This last point leads to the further observation that as far as not only anti-Western terrorism but also instability in the Middle East are concerned, what matters most is not how hastily the ISIS mini-state is crushed but rather what arrangements are left on the ground after the crushing.

Fertile Climate

The more that chaos, disputes, and uncertainty prevail there, the more that ground will remain fertile for violent extremism, whether under the ISIS label or some other brand. The rest of the political, diplomatic, and military story of conflict in Syria still has a good way to go before providing a more promising and stable alternative for what comes after ISIS. It would not be advantageous for the anti-ISIS military campaign to get ahead of that story. Speed in this case is not necessarily good.

Army Gen. H.R. McMaster, national security adviser to President Trump.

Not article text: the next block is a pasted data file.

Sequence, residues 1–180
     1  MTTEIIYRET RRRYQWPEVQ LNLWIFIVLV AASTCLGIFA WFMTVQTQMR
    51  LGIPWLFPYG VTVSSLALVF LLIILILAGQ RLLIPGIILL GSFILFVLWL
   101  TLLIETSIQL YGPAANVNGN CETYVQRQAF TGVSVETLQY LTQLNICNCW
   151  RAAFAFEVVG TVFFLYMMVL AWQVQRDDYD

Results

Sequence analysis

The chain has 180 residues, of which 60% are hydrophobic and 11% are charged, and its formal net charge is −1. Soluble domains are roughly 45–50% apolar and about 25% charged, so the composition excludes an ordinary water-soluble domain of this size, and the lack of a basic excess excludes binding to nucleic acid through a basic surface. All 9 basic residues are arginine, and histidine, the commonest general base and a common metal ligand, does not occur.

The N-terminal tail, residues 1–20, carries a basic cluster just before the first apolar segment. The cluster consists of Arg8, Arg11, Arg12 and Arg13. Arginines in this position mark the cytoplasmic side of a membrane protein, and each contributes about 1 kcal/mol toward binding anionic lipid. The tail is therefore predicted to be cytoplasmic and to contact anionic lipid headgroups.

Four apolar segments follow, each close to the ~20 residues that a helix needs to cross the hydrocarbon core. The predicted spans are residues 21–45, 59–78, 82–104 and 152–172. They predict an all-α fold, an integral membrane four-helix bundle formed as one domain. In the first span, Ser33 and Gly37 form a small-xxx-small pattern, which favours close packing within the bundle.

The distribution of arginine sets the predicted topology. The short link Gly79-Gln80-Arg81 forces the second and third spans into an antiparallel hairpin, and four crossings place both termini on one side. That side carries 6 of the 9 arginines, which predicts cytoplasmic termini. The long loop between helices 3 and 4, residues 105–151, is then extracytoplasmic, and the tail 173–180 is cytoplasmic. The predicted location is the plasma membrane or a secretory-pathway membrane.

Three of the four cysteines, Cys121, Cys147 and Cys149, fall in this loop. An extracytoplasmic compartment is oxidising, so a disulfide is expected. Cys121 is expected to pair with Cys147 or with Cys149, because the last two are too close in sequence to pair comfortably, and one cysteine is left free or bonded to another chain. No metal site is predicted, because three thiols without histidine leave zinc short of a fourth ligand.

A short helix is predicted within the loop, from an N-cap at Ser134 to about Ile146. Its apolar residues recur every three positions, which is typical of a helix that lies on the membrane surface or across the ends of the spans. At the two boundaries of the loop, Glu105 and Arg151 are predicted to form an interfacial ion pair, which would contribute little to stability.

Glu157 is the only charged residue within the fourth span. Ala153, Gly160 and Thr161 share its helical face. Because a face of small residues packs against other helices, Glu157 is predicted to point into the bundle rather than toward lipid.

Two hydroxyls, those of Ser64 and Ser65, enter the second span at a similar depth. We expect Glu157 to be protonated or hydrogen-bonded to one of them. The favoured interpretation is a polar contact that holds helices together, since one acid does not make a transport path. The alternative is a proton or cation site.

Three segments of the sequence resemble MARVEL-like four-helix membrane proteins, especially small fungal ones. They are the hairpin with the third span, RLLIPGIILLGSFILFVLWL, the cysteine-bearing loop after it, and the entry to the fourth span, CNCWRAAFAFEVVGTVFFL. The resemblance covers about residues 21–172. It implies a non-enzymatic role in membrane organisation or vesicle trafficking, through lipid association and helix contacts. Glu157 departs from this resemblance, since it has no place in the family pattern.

All of this is in addition to one of the biggest downsides of U.S. forces assuming more of a military role: playing into the ideology and propaganda of ISIS and similar extremists, who appeal for support with a message about how the United States uses its armed might to intervene in Muslim lands and to kill Muslims.

This set of issues will be an early test for new national security adviser H. R. McMaster. He is a highly regarded military officer whose professional focus, from study of war in Vietnam to the practice of war in Iraq, has been on what use of force and how much force are needed to achieve an objective of military victory. His natural inclination, as much as of others, may be to take the swift extinguishing of the ISIS mini-state as such an objective and to treat it more as an end than a means. A more thorough and careful performance as national security adviser would instead broaden the policy question and take into account the considerations mentioned above.